“You will not menace the House of Windsor”
Lucy Cohu has the dubious pleasure of being one of the few women I would probably turn for, she radiates an old-school glamour and sensuality that I find near-irresistable and I’ve loved the few stage performances of hers I have been able to catch (Speaking in Tongues, Broken Glass and A Delicate Balance). So I was quite happy to take in the Channel 4 television movie The Queen’s Sister, in which she took the lead role of Princess Margaret, in the name of the Jubilee Weekend 😉
It’s a semi-fictionalised account of her life by Craig Warner (although knowing so little of the reality, I couldn’t have told you what was real and what wasn’t) which focuses on her struggles against the establishment as she followed a life of largely wanton hedonism and leaving a trail of paramours behind her. Whether her previously married lover whom she was forbidden from wedding, the long-suffering husband prone to infidelity, the young pop singer who offers a faint hope of redemption, her relentless partying, fondness of always having a drink in her hand and general spoiltness consistently makes life difficult for herself.
Continue reading “DVD Review: The Queen’s Sister”
“I, confused by this white dialectic…”
Opening a season of German plays at the Arcola Theatre is Dea Loher’s Innocence and I attended the first preview last night. Translated by David Tushingham, it is a series of vignettes about people struggling along on the edge of society, separate stories that slowly being to intertwine to form a portrait of a dark and depressed urban existence.
Things get off to a very sticky start with a horribly awkward scene where two characters consistently refer to themselves and their actions in the third person, whilst the other character delivers her lines in a regular manner. The cumulative effect of this is disorientating and really quite annoying, I was most definitely not a fan of this style, fortunately the rest of the first half was free from this strange device. It does recur for one scene in Act 2 but the rest is mercifully delivered straight.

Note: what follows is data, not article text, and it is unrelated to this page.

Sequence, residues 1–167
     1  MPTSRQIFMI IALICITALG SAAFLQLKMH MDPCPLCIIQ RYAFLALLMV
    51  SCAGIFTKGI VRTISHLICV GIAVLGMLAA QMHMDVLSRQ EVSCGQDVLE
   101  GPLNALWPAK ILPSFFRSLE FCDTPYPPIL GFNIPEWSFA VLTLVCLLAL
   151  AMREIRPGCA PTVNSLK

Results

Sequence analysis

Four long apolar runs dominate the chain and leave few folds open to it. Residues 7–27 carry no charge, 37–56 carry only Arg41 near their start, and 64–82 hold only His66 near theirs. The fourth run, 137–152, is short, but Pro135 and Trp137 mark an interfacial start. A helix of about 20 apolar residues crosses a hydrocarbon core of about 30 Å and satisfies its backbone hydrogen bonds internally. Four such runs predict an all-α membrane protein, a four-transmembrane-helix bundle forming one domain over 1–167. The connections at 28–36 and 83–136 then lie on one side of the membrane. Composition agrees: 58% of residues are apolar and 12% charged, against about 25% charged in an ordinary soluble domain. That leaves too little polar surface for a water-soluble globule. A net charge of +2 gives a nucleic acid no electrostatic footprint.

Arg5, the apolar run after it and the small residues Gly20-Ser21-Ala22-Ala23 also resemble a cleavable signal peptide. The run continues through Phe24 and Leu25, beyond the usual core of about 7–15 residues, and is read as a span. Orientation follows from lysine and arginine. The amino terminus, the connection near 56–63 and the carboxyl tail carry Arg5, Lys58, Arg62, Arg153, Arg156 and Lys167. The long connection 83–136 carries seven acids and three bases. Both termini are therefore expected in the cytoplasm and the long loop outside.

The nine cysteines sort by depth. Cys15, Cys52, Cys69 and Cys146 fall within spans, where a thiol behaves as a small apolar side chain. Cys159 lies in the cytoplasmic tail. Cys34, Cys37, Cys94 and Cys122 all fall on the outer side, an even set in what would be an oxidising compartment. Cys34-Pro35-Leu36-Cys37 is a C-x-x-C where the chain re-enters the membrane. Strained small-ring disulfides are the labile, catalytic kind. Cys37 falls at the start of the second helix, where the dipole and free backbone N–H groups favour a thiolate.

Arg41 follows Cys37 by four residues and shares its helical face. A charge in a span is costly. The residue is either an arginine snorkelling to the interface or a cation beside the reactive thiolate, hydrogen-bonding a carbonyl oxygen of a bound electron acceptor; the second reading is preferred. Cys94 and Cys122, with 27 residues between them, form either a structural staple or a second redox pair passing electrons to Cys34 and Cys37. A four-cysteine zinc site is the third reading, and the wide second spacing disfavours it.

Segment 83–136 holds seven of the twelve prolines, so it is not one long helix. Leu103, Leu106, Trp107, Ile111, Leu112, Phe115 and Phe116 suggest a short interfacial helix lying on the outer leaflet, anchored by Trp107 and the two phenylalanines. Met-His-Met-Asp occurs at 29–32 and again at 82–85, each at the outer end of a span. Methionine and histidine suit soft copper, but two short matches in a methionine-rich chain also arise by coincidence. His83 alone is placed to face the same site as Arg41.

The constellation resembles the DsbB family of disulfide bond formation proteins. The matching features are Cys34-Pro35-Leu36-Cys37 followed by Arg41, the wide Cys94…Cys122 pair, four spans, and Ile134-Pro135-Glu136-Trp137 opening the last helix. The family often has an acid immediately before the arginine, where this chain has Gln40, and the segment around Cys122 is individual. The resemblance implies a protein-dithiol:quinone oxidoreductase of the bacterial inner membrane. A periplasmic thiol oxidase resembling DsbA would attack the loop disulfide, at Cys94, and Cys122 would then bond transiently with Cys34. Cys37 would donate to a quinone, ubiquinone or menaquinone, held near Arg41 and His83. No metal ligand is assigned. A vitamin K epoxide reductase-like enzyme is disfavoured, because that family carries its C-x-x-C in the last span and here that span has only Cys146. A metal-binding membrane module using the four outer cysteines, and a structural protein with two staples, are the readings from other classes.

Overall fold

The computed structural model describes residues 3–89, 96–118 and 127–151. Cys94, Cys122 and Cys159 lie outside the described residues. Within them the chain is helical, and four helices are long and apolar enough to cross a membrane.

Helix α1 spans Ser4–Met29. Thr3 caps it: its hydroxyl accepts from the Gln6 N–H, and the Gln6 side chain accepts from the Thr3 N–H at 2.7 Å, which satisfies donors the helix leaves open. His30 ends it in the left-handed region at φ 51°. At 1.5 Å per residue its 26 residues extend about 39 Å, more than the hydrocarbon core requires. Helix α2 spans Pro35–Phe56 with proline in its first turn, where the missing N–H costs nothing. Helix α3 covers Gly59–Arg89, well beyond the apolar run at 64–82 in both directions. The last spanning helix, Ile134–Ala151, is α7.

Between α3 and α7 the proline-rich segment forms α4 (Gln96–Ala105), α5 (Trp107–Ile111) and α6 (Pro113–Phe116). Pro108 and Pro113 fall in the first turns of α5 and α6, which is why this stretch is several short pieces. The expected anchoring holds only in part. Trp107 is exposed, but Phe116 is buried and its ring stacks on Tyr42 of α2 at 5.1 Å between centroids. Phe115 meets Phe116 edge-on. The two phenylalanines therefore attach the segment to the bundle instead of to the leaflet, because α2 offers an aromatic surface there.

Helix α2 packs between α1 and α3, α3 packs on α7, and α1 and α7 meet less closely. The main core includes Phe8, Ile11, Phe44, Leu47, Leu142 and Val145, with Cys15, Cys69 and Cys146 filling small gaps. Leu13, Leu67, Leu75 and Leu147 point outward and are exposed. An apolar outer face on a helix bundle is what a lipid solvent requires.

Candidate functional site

One would imagine things will be tightened up before opening night, the current running time is 2 hours 45 minutes which could be shaved down with a much needed injection of pace into the second half, bhe main problem though for me was the lack of a dramatic hook to bring the piece together. The different strands amble slowly throughout the play, some of them connecting, some remaining discrete, but it lacks a defining moment to bring it all together and make it genuinely coherent and as it currently is, there’s not enough energy driving the stories along. Continue reading “Review: Innocence, Arcola”
In the dying heat of a lovely Indian summer, I finished my set of Globe plays by watching the all-female version of The Taming of the Shrew, complementing the all-male shows I had seen earlier in the month. It is a funny choice for this treatment I think as it is such a questionable play in how it treats its heroine, but I suspect this was part of the challenge for the troupe.
The way they get round it is to play up the power struggle side of things and clearly demonstrating that Kate’s submission is in fact much more knowing, a way to keep Petruchio onboard in unknowing bliss, rather than a genuine capitulation. This allows Kathryn Hunter to play with Shakespeare’s text beautifully, pulling out new meanings as Janet McTeer’s blokey arrogance is tolerated with grim smiles.
But even with working it out this way, there was something a little odd about the production. As my first all-female experience, it was a little arresting and it was hard to shake the feeling that too often they were playing ‘men’ rather than the actual characters per se, something the audience lapped up but resulting in a sense of artifice that remained ever-present rather than allowing us to be subsumed in a fully realised world.
A curiosity but not a hugely successful one for me if I’m honest.